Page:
Trust and personal connections, as well as other emotional factors, account for about 41% of the perceived value that clients place on financial advice, according to a study by Vanguard focused on the role of emotions in the relationships between clients and advisors.

The study found that traditional factors such as portfolio management and financial planning contribute to 59% of the perceived value.

“Our research has quantified the role of emotions in the advisory relationship,” the report said. “We believe that, going forward, assessments of the value of financial advice should include an evaluation of the emotional value it provides investors.”

The study concluded that there are three main components to the value that investors place on their relationship with advisors: portfolio value, financial value and emotional value.

The portfolio value has to do with optimal portfolio construction and client risk-taking and includes factors such as a portfolio’s risk versus its return characteristics, tax efficiency, fees and rebalancing and trading activity, the study said. Financial value encompasses saving and spending behavior, debt levels, retirement planning, insurance and risk management and estate planning.

Emotional value, meanwhile, is tied to a client’s peace of mind, the report said. This includes a client’s trust in the advisor and the markets, his or her success and sense of accomplishment, the level of behavioral coaching provided by the advisor and the client’s confidence, the report said.

The report found that even for robo-advisor clients, 38% of the value they place on the services they received from institutions is tied to emotional factors, but with more of a focus on a client’s need for transparency and the feeling of empowerment when using the services.

The study noted that fees were not as large a factor in clients’ thinking as some might expect because the majority of advised investors are not knowledgeable about what they pay for advice.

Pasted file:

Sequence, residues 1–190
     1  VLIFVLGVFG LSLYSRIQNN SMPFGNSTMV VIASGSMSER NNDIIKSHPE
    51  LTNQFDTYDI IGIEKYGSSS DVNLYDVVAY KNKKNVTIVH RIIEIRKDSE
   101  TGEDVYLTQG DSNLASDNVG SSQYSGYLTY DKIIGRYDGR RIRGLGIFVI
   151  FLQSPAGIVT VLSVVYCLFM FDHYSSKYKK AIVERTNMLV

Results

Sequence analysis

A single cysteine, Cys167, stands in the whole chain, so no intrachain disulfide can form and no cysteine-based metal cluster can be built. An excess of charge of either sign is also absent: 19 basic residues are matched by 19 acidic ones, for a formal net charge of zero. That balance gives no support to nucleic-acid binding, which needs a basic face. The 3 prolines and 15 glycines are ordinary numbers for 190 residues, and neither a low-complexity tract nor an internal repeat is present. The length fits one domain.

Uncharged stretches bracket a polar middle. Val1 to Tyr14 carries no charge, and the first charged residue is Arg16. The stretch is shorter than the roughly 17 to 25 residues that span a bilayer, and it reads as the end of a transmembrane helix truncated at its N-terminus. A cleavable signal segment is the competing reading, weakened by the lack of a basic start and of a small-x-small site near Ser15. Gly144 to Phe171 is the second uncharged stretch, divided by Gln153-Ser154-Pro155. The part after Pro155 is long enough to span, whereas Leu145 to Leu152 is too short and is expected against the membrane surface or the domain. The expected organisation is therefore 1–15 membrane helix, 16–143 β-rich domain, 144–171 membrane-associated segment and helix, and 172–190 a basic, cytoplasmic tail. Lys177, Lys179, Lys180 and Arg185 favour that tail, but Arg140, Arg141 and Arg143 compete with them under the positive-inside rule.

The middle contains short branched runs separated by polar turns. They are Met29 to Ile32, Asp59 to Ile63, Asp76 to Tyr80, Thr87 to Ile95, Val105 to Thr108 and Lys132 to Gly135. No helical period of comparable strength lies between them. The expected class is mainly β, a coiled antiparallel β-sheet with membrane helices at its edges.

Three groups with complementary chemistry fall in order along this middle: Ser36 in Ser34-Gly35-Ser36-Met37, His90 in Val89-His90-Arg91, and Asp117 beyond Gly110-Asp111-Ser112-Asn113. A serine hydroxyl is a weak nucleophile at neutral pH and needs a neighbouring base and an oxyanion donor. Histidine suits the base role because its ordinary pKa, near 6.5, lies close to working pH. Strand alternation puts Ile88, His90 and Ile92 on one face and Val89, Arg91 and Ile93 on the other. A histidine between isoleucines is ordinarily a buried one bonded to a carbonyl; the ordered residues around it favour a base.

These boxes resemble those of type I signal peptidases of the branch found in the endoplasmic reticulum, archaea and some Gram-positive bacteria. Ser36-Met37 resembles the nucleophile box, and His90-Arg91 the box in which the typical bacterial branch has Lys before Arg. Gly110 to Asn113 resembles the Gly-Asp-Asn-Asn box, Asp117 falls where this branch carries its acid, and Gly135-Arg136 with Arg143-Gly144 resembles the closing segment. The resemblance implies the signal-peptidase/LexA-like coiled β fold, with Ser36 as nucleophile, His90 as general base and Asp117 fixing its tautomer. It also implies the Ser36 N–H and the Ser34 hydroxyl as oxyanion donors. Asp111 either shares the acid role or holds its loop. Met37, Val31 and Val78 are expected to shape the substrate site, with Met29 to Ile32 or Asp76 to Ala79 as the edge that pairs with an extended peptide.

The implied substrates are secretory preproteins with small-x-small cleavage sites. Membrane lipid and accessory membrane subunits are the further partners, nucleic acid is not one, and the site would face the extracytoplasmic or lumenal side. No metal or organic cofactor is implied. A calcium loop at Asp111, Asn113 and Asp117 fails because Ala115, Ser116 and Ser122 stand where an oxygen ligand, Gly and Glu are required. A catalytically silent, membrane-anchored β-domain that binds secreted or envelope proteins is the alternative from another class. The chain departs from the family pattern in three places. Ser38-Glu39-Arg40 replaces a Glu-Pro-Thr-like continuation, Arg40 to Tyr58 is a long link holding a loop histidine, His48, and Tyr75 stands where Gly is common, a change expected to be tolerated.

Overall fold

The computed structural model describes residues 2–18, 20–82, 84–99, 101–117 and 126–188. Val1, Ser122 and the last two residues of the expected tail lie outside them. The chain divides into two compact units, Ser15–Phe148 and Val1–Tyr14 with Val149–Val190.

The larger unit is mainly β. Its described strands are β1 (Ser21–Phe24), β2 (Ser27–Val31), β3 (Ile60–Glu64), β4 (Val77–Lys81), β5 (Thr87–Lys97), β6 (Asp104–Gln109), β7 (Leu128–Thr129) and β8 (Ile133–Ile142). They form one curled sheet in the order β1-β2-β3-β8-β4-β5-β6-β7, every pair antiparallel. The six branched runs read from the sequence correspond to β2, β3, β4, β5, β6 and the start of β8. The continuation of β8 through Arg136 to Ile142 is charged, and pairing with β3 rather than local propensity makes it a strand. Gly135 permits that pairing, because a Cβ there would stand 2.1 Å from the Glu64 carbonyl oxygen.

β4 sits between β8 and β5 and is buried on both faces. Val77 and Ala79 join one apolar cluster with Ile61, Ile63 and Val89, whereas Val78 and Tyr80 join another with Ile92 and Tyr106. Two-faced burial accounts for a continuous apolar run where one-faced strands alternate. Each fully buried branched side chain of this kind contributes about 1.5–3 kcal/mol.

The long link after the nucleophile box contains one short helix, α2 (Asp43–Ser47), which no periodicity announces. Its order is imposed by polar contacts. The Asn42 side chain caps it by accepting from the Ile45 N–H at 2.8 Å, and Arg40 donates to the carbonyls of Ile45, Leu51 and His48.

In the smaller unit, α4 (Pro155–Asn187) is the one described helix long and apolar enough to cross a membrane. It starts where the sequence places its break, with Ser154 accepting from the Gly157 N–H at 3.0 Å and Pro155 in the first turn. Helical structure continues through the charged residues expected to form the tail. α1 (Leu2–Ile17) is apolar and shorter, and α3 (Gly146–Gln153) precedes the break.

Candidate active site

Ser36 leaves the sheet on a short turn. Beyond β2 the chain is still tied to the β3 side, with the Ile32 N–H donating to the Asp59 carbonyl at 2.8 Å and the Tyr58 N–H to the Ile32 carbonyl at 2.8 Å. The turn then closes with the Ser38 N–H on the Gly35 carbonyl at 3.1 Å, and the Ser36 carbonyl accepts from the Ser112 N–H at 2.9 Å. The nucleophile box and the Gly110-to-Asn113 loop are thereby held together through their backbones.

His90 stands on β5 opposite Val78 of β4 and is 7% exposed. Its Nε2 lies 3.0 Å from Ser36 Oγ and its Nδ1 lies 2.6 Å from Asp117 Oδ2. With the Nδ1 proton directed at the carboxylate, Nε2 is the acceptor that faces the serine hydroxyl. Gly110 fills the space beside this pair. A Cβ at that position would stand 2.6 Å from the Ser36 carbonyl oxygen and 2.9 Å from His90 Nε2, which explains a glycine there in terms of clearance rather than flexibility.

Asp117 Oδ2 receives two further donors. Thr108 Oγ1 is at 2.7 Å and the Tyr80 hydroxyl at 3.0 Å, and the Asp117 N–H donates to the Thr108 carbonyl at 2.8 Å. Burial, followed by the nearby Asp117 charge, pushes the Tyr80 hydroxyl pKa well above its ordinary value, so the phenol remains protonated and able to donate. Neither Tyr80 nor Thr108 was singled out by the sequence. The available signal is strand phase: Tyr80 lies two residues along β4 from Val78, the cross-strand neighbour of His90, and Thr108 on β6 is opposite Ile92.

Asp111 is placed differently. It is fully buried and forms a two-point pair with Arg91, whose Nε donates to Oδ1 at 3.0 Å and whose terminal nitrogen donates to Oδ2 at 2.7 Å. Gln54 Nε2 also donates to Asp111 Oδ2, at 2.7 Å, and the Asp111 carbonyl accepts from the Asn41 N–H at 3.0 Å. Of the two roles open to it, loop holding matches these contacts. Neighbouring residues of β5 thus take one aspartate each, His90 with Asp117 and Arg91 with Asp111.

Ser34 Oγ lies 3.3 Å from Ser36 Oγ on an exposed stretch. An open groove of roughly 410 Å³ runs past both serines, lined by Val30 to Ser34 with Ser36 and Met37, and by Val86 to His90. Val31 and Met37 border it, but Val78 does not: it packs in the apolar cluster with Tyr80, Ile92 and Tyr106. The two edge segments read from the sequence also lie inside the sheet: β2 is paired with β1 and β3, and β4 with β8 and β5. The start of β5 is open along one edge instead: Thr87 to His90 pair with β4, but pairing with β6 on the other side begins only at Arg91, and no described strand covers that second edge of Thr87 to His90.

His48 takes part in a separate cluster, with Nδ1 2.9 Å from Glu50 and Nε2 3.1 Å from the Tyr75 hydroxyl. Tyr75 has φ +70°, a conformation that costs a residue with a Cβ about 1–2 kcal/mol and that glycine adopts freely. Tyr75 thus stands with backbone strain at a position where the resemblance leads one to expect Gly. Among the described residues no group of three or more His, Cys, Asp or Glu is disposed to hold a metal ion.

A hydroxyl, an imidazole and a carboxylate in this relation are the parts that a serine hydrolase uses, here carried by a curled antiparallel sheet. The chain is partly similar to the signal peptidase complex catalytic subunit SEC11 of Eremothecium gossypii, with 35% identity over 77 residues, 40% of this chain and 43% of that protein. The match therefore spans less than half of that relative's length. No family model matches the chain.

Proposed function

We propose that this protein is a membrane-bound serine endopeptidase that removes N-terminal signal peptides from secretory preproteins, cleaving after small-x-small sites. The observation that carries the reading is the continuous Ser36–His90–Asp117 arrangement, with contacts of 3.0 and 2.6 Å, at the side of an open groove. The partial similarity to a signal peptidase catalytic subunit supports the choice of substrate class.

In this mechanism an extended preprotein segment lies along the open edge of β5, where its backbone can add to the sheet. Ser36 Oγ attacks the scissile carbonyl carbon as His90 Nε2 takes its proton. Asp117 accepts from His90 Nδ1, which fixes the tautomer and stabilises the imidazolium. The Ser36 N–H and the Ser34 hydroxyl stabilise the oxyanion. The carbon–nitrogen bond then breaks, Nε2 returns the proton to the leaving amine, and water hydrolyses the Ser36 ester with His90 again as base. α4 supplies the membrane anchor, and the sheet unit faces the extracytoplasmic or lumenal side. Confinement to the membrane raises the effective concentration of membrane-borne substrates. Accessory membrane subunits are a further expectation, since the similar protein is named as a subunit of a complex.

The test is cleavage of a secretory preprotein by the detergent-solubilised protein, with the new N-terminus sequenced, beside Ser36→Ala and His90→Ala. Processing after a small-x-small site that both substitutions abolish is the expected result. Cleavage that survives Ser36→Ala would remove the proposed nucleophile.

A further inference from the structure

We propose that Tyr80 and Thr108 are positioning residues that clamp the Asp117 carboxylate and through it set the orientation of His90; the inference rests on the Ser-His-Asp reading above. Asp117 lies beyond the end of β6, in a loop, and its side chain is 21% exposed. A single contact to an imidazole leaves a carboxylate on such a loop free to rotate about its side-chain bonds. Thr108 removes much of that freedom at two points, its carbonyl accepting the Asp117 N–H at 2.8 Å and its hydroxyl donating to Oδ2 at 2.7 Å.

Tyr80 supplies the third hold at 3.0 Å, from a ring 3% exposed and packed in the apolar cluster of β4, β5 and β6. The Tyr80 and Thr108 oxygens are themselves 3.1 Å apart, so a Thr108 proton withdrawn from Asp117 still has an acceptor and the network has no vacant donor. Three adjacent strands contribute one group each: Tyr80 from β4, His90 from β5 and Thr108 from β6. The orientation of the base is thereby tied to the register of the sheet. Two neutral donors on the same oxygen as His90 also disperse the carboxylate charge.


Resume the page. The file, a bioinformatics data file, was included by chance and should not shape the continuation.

“This lack of investor comprehension in regards to how much they pay for advice highlights an opportunity for the industry to disclose fees in a more clear and transparent manner,” said Cynthia Pagliaro, a senior researcher at the Vanguard Investment Strategy Group and co-author of the paper. “Cost transparency would greatly benefit advisors, as it would enable them to better articulate the value of their service to clients in relation to the fees they charge.”

The study used surveys and interviews to assess the value clients placed on 24 key value attributes that could be categorized as either emotional or functional. Emotional attributes included factors such as “trusting that the advisor will put my needs first,” the report said. Functional attributes included things such as maximizing investment returns and balanced saving and investing. About 2,000 investors involved in an advisor relationship were surveyed, Vanguard said.

Survey respondents revealed that a lot of what they value in advisors falls outside traditional benchmarks such as portfolio performance and into the realm of emotional satisfaction, the report’s authors said. For example, clients placed high value on knowing their financial plans are regularly monitored by their advisors and on whether they had a personal connection with their advisors. They also are looking for regular proactive outreach from their advisors and reassurance from their advisors that things will be OK during market downturns, the report said.

“Relationship and rapport are important to perception,” the report stated. “Financial advisors would fall short of their client’s expectations if they only highlight their investment expertise and portfolio outcomes. Just as important is for them to cultivate a deeper relationship with their clients.”